Nollywood Golden Age (late 1950s – late 1980s)
After Nigeria‘s independence in 1960, the cinema business rapidly expanded, with new cinema houses being established. However, there came a significant influx of American, Indian, Chinese and Japanese films; posters of films from these countries were all over theatre halls and actors from these industries became very popular in Nigeria. Towards the late 1960s and into the 1970s Nigerian productions in movie houses increased gradually, especially productions from Western Nigeria, owing to former theatre practitioners such as Hubert Ogunde, Ola Balogun, Moses Olaiya, Jab Adu, Isola Ogunsola, Ladi Ladebo, Sanya Dosumu and Sadiq Balewa amongst others, transitioning into the big screen. The first fully commercial Nigerian films, shot on celluloid, were also made by these filmmakers in the 1960s.
In 1972, concerned about the influx of foreign culture into Nigeria, the Indigenization Decree was issued by the then head of state Yakubu Gowon; which demands the transfer of ownership of about a total of 300 film theatres in the country from their foreign owners to Nigerians. Also, more Nigerians started playing active roles in cinema establishment as a result of this policy. This transfer also resulted in the emergence of Nigerian playwrights, screenwriters and film producers; popular literature and theatre works were adapted into motion picture.
The oil boom of 1973 through 1978 contributed immensely to the spontaneous boost of the cinema culture in Nigeria. The presence of foreign investments led to the erection of several cinema complexes. In 1976, The 5000-capacity National Arts Theatre, Iganmu was constructed in Lagos. The theatre was incorporated with two cinemas, each having a capacity of over 700 people. At this time cinema business had become a notable employer of many people and also served as an important social function, as Nigerians visited cinemas for relaxation and entertainment purposes. The increased purchasing power in Nigeria also made a wide range of citizens to have disposable income to spend on cinema going and on home television sets.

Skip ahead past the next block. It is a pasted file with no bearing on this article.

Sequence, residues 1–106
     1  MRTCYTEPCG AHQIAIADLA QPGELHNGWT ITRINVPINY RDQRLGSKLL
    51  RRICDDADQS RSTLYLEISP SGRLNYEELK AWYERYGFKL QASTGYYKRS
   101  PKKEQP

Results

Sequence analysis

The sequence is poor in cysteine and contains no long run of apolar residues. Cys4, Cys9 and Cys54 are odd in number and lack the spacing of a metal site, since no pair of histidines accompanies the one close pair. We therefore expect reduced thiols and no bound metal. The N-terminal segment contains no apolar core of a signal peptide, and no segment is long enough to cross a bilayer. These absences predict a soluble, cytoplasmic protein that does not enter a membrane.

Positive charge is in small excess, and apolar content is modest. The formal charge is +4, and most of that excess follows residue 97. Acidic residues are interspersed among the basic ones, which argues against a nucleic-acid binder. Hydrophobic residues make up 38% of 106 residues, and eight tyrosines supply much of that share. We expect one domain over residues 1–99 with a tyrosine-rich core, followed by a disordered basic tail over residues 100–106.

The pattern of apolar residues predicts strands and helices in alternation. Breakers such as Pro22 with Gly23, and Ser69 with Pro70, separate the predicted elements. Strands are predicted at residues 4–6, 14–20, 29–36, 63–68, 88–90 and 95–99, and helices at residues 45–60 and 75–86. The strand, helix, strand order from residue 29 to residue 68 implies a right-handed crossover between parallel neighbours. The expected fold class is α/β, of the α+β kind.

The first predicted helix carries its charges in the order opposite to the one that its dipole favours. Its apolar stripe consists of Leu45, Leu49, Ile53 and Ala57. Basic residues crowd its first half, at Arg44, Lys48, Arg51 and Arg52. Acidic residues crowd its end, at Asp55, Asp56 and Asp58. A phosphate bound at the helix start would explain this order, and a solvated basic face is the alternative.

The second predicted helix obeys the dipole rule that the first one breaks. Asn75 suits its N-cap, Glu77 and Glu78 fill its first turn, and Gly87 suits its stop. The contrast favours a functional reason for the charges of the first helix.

Television broadcasting in Nigeria began in the 1960s and received much government support in its early years. By the mid-1980s every state had its own broadcasting station. Law limited foreign content on television, so producers in Lagos began televising local popular theatre productions. Many of these were circulated on video as well, and a small-scale informal video movie trade developed. As of late 1980s, the cinema culture was beginning to face a major decline, and most Nigerian film producers had transitioned to television productions.
The gradual decline of the Golden era of Nigerian cinema has been attributed to several factors, including the reduction in the value of Naira, lack of finance and marketing support, lack of standard film studios and production equipment, frequent Government structural adjustment programmes due to military dictatorships, as well as inexperience on the part of practitioners. The drastic decline in cinema culture resulted in some of the existing cinema houses being acquired by religious bodies and turned to churches; others were simply just closed down. In the early 1990s, only a few of the once vibrant cinema houses were still in operation, and all had collapsed before 1999.